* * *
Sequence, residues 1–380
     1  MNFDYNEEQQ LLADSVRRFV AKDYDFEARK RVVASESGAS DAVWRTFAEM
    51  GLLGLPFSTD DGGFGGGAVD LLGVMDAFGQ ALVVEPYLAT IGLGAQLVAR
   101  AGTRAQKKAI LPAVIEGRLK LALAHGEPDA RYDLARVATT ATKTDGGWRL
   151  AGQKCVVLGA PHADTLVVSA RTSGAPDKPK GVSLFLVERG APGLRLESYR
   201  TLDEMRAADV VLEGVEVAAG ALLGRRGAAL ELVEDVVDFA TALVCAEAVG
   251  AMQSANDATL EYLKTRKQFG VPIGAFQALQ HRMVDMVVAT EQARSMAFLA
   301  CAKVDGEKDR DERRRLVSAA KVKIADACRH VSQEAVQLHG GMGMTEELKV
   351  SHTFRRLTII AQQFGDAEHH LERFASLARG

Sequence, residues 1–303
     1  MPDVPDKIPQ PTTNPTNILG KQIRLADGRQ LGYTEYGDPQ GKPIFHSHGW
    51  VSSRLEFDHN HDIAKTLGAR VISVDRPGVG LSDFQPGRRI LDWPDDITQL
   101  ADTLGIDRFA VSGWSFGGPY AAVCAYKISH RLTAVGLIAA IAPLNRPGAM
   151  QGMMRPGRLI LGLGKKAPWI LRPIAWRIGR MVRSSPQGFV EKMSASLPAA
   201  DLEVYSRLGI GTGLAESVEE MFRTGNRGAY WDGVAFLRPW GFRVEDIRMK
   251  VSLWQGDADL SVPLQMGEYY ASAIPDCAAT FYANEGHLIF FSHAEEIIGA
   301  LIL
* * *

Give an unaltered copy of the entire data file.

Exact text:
Sequence, residues 1–380
     1  MNFDYNEEQQ LLADSVRRFV AKDYDFEARK RVVASESGAS DAVWRTFAEM
    51  GLLGLPFSTD DGGFGGGAVD LLGVMDAFGQ ALVVEPYLAT IGLGAQLVAR
   101  AGTRAQKKAI LPAVIEGRLK LALAHGEPDA RYDLARVATT ATKTDGGWRL
   151  AGQKCVVLGA PHADTLVVSA RTSGAPDKPK GVSLFLVERG APGLRLESYR
   201  TLDEMRAADV VLEGVEVAAG ALLGRRGAAL ELVEDVVDFA TALVCAEAVG
   251  AMQSANDATL EYLKTRKQFG VPIGAFQALQ HRMVDMVVAT EQARSMAFLA
   301  CAKVDGEKDR DERRRLVSAA KVKIADACRH VSQEAVQLHG GMGMTEELKV
   351  SHTFRRLTII AQQFGDAEHH LERFASLARG

Sequence, residues 1–303
     1  MPDVPDKIPQ PTTNPTNILG KQIRLADGRQ LGYTEYGDPQ GKPIFHSHGW
    51  VSSRLEFDHN HDIAKTLGAR VISVDRPGVG LSDFQPGRRI LDWPDDITQL
   101  ADTLGIDRFA VSGWSFGGPY AAVCAYKISH RLTAVGLIAA IAPLNRPGAM
   151  QGMMRPGRLI LGLGKKAPWI LRPIAWRIGR MVRSSPQGFV EKMSASLPAA
   201  DLEVYSRLGI GTGLAESVEE MFRTGNRGAY WDGVAFLRPW GFRVEDIRMK
   251  VSLWQGDADL SVPLQMGEYY ASAIPDCAAT FYANEGHLIF FSHAEEIIGA
   301  LIL